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The Ghost Network

Fiction  |  Novel
288 pages
5½” x 7½” perfect-bound trade paperback
eBook formats available
ISBN 978-1612194349
First Edition
Melville House
Brooklyn, New York, USA
Available HERE
Review by Leland Cheuk

Why are works about pop ephemera not considered literary? Perhaps MFA programs are brainwashing writers into tackling only what is ‘timeless,’ for the fear that work will become dated and easily forgotten. But what if a work is actually about one’s love of pop ephemera? Isn’t love timeless?

Catie Disabato’s novel, The Ghost Network, doesn’t shy away from peppering the reader with many, many pop culture references that conjure what it’s like to live in the 21st century in all its social-media-saturated, Pitchfork-reading glory. Famous pop singer Molly Metropolis (think: Lady Gaga, M.I.A., Sia) disappears, and a journalist named Cyrus Archer pens a manuscript about the search for her, only to disappear himself. Enter the narrator, Catie Disabato, who presents us Archer’s manuscript with her footnotes. What follows is layers upon layers of love triangles, an incredible soundtrack of EDM, synth-pop, and indie rock favorites from the past ten years, and an avant-garde urban planning group with an “aesthetics-based approach to social change” (whatever that means), and all of this somehow involves cartography and Chicago’s labyrinthine subway system.

The nesting-dolls structure of the narration distances the reader from the novel’s characters enough to blunt our emotional attachment to the story. Most of the narrative is told and not shown.

Eventually, Taer turned the conversation to Nix’s relationship with Molly Metropolis and the fallout from her disappearance. Taer recorded the discussion,* even though Nix asked for their chat to be off the record. Taer assured Nix that she wouldn’t give the Tribune her quotes “but if they ask me to get something specific for you, and I already have it, I can just ask you about it. Plus, there are laws to protect anonymous sources, if you want to become an anonymous source.”

This is Archer’s account of what Taer said about a discussion with Molly Metropolis’ boyfriend about his relationship to the pop star. To further separate you from what actually happens in the scene, the footnote by Disabato comments at length on Taer’s fascination with recording devices. The reader has to be willing to sift through these constant and intentional obfuscations to buy into the story.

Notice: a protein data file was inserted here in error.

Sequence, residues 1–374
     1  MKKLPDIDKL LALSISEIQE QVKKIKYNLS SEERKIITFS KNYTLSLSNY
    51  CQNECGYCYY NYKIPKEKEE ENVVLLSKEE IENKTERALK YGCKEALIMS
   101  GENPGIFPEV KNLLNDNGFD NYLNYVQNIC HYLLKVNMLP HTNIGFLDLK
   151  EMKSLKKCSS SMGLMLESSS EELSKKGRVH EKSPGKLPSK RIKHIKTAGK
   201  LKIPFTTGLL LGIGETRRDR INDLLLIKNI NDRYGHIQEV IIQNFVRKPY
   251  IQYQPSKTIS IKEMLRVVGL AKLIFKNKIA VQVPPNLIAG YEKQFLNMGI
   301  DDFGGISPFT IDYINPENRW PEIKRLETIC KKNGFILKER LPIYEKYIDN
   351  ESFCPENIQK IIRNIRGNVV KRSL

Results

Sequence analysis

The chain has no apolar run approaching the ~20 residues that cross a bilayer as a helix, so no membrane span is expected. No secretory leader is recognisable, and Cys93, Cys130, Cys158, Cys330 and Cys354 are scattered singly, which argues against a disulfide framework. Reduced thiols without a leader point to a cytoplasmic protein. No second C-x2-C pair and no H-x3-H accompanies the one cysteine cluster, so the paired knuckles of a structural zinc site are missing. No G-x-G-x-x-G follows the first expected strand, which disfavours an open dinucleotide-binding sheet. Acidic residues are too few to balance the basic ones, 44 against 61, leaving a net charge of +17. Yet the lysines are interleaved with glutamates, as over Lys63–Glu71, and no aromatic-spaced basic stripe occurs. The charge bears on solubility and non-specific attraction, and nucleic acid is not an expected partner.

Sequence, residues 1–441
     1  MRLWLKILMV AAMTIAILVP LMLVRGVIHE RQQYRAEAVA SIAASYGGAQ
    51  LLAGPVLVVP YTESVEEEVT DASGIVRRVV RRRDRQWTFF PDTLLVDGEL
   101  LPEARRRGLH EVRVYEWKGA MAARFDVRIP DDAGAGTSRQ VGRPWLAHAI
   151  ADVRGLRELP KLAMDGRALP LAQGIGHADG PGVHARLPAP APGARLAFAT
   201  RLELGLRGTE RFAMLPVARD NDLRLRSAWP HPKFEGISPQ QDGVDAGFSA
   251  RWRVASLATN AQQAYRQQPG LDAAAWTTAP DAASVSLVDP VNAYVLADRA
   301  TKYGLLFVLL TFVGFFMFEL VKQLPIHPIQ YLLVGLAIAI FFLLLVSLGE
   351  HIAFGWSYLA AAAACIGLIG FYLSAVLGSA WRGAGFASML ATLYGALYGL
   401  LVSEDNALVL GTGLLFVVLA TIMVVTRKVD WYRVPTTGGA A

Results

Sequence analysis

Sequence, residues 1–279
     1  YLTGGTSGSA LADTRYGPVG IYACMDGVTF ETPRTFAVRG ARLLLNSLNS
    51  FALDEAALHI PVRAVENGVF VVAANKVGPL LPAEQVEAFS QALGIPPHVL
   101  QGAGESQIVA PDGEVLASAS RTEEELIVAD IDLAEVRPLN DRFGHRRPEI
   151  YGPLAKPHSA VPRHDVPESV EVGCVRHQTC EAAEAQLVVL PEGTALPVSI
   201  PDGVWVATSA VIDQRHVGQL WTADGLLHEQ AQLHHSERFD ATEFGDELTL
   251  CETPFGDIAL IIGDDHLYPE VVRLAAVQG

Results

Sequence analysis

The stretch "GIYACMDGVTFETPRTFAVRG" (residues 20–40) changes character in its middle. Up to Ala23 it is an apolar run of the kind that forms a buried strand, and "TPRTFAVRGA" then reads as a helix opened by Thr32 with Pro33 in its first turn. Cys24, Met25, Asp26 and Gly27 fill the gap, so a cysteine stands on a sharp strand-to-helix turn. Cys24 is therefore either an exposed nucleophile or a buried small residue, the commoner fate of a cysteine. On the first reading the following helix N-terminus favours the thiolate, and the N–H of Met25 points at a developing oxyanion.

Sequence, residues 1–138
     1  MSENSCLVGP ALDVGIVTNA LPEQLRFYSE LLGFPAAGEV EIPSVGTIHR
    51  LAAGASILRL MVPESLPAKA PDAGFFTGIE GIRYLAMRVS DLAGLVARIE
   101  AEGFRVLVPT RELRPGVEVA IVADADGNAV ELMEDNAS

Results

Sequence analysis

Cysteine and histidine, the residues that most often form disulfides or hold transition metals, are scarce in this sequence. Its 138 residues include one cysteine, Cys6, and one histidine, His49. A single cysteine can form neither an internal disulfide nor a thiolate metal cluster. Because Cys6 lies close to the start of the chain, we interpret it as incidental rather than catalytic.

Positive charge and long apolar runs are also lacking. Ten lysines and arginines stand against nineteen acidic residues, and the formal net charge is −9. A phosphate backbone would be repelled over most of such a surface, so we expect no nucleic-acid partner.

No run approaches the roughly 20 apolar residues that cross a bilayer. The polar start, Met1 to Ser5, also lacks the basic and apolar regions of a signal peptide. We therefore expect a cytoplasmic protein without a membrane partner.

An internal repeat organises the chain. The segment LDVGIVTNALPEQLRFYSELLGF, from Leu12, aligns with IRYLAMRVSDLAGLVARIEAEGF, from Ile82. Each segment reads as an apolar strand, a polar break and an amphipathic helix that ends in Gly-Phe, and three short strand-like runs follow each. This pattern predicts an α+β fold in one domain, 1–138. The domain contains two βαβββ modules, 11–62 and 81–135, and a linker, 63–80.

I enjoyed The Ghost Network most when we romped through the pop culture of the aughts. In the passage below, four decades of artists are referenced in one paragraph:

To begin realizing her Situationist goals, Molly Metropolis first had to make herself a star. She began working with a producer named Davin Karl, who had written and produced songs for Britney Spears and Kelly Rowland. Karl suggested she change her persona from a Fiona Apple disciple to a dance-pop artist […] To build an identity authentic in its artifice, she developed part-Britney coquettishness, combined with what Molly called a “dirty Outrun Electro synthesizers” aesthetic, combined with Freddie Mercury, combined with Holly Golightly.

Disabato the Author lightly skewers our obsession with celebrities, as well as the highbrow, jargon-filled manner with which journalists write about those obsessions. While Disabato may be making fun of that type of writing, she’s also exhibiting a deep knowledge and love for all the music and art she references. Furthermore, Disabato deserves credit for creating a credible, contemporary urban environment populated by characters of fluid ethnicity and sexuality. Molly Metropolis is mixed-race, and straight folks are the minority in Molly’s universe.

I enjoyed the novel’s Pynchonesque conspiracy theories even though they made me wonder more than once: why urban planning, of all things? But the joy of reading The Ghost Network is in watching all these seemingly disparate compartments of Molly Metropolis’ life find their way back together into a cohesive whole. I was made strangely nostalgic for the music of the previous decade, and while the twists and turns of the plot don’t hit the reader in the gut, The Ghost Network is, in its own weedy way, a love letter to subwaying through Chicago while listening to the post-grunge indie-fication of dance, pop, R&B, and rock, while reading Gawker on your iPhone.

Four out of five stars.

LELAND CHEUK is the author of the novel, The Misadventures of Sulliver Pong (CCLaP Publishing, 2015). He is a MacDowell Colony fellow, and his work has appeared in The Rumpus, Kenyon Review, Pank Magazine, and others. His story collection, Letters from Dinosaurs, is forthcoming in 2017. He lives in Brooklyn.

• The reviewer purchased this book at an indie bookstore and does not know the author or publisher personally. • Permalink • Tag: The Volt •

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